Léon Bloy, Translated by Joshua Hren
“It reeks of God, here!”
This rogue’s bit of gall was disgorged, like vomit, on the very lowly threshold of the Vincentian Missionary’s chapel, on the Rue de Sèvres, in 1879.
It was the first Sunday of Advent, and Parisian humanity was slogging its way to the Great Winter Circus.
That year, like so many others, had not been the year of the End of the World, and no one thought to be shocked.
Old Isidore, maker and mechanic of scales by trade, and one of the most reputable drunkards of the Gros-Caillou, was stunned least of all.
By temperament and by culture, he belonged to the elite of that superfine scum that is observable only in Paris, unequaled by the roguishness of any other people under the moon.
A fruitless and sterile scum, it is true, despite the most assiduous labor policy and most attentive literary irrigation. Even when it is raining blood we see hatched few extraordinary individuals.
The old scale-maker, who had just cracked open the cistern of his soul as he passed a holy place, represented, not without pride, all of the brawling and reviling virtuosos by which that social group perpetually discharges, as into a common cesspool, the gutter-water intellectualism of the bourgeois and the suffocating refuse of the working man.
Very satisfied with his own witty word, of which a few devout, who examined with horror, were frightened, he staggered toward some dubious destination with the gait of a sleepwalker suffering seasickness.
Something like a premonition of deadly vertigo seemed to hang over this rabble, made blotchy by drink, twisted at the wheel of the filthiest lusts.
A morose and superb cockiness was seen on his gallows mask, his lower lip clenched under the battlements of poisoned and abominable teeth, thereby lowering both corners of his mouth into what appeared as scaly ruts of Cretaceous clay, which had been carved into his face by various spirituous substances.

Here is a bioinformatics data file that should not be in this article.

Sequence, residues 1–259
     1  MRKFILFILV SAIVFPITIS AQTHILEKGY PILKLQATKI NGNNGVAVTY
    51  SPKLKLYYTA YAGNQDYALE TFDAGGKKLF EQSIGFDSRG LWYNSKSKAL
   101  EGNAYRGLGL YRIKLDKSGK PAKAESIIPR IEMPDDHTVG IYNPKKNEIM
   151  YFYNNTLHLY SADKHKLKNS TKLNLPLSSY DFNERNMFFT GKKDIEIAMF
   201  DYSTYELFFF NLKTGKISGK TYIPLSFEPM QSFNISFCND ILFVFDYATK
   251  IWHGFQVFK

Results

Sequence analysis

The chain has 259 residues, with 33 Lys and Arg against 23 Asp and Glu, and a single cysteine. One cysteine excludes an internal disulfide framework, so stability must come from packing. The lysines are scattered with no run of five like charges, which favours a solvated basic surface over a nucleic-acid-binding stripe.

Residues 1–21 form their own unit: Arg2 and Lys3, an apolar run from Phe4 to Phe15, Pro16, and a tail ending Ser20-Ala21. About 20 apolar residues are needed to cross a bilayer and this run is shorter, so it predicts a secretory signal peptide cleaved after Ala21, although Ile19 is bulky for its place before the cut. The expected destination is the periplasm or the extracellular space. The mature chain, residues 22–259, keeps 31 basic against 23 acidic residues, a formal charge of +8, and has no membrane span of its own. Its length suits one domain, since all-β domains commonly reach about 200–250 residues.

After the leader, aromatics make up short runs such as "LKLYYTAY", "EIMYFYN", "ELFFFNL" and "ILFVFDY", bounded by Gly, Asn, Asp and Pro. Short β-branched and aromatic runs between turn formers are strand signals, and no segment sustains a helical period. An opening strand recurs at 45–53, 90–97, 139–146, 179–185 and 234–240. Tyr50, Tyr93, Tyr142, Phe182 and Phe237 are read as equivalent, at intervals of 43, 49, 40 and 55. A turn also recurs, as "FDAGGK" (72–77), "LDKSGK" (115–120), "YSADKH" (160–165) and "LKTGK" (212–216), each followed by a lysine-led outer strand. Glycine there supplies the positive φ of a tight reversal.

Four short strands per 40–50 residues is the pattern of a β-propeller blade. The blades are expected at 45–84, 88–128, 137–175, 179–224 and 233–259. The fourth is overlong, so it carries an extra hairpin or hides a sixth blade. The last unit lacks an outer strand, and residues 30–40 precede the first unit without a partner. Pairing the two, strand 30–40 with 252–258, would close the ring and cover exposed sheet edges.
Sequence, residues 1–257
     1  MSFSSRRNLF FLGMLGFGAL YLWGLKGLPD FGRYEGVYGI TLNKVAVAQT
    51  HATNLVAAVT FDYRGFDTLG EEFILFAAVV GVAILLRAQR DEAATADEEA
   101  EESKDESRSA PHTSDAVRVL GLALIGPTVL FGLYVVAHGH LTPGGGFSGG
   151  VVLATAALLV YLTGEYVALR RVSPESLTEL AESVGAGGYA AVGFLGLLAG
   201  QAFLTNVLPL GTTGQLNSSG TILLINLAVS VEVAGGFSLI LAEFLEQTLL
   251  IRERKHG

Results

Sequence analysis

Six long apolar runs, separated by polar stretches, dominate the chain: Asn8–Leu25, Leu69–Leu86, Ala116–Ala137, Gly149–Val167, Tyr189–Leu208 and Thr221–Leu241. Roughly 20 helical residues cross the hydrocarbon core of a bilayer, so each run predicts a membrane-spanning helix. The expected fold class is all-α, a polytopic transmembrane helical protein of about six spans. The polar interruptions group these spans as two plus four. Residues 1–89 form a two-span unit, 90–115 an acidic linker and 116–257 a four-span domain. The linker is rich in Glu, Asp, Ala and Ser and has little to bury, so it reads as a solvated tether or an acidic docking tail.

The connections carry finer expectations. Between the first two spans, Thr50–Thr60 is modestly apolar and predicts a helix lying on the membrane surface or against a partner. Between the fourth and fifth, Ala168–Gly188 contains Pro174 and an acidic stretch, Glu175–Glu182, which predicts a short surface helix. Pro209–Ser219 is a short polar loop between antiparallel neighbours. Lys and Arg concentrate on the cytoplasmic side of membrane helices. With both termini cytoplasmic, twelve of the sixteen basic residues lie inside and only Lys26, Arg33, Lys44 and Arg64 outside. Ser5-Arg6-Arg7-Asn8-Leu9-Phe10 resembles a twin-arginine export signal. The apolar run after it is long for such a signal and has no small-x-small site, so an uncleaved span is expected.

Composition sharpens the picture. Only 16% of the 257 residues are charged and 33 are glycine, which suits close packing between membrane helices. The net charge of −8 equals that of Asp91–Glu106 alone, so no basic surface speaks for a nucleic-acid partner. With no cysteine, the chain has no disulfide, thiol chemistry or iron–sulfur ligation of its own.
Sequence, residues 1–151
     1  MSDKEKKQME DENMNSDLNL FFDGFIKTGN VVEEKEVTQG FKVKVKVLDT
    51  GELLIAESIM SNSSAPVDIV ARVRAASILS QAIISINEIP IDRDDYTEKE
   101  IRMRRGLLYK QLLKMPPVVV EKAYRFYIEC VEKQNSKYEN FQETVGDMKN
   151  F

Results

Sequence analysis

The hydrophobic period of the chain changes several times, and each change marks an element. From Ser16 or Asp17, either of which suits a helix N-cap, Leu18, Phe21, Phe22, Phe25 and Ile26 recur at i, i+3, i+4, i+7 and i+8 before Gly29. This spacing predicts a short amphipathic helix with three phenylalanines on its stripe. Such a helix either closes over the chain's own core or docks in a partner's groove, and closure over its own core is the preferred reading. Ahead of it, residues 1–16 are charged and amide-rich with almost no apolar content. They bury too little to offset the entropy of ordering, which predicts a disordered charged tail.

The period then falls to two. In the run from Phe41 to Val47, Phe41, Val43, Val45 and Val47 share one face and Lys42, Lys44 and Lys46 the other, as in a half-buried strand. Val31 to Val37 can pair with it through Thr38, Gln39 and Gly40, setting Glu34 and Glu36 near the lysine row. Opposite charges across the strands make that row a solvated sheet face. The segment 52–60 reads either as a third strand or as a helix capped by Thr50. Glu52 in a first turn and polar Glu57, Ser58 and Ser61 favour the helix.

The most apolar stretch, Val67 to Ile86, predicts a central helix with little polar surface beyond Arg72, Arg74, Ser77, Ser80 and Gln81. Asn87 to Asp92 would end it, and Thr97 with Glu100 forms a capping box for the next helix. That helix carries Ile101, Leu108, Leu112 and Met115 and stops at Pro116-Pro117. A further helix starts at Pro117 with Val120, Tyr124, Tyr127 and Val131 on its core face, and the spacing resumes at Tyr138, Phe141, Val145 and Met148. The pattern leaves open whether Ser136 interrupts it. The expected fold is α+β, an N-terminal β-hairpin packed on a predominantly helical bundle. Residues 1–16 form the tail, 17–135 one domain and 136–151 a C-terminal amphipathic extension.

The center of his face had grown accustomed, for sixty years, to the sharp nose of a one-time moneylender, beneath which grew the couch grass of a seditious mustache which might have been put to the profitable use of grooming mangy horses.
His hallmark eyes, which had the incredible pettiness and liveliness of a brown rat or gerbil, suggested, by their cold and lackluster glister, the idea of one who steals from the poor box at night, one accustomed to robbing churches.
Finally, the whole appearance of this dismantled ruffian gave the impression of a little runt who is merciless and meticulous even in his drunkenness, burnt out by adventures long past, and who has, for a long time, kept up his boor’s heart by assaults on the weak and disarmed.
But he was not utterly without erudition, this excellent old Chapuis. He regularly read arbitrating and authoritative newspapers such as The Lantern or The Cry of the People, was a strong believer in the infallible advent of the Social Revolution, and he enjoyed babbling, in taverns, oracles of pasty hard Politics and Religion, those two sciences so undemanding and so wonderfully easy—as everybody knows—that the first lazy soul can come along and command them.
As for love, this he scorned, without words, considering it paltry, and if, perchance, some other doctor made the slightest serious allusion to l’amour, straightaway he laughed and satirized it with vigor.
All this is why the amiable Isidore assumed the esteem of an incredible number of bartenders.
No one knew his precise origins, though he asserted his ties to a respectable middle-class heritage from Perigord. That was quite some ways back, without a doubt, because the odd character said himself that he was born in the Fauborg du Temple, where his parents had been swayed into practicing vague and very Parisian trades of which he did not speak at length.
And so he claimed descent from a provincial worthy of respect, and rattled off an innumerable collateral of family connections scattered everywhere, and bragged of their riches, vigorously mouthing things to wither the pride of propertied businessmen who underestimated the glorious overalls of the working citizen, clothes he wore. Really, however, no one had ever seen one of Isidore’s family. This problem of his parents was simultaneously a resource of glory and an occasion for generous outbursts.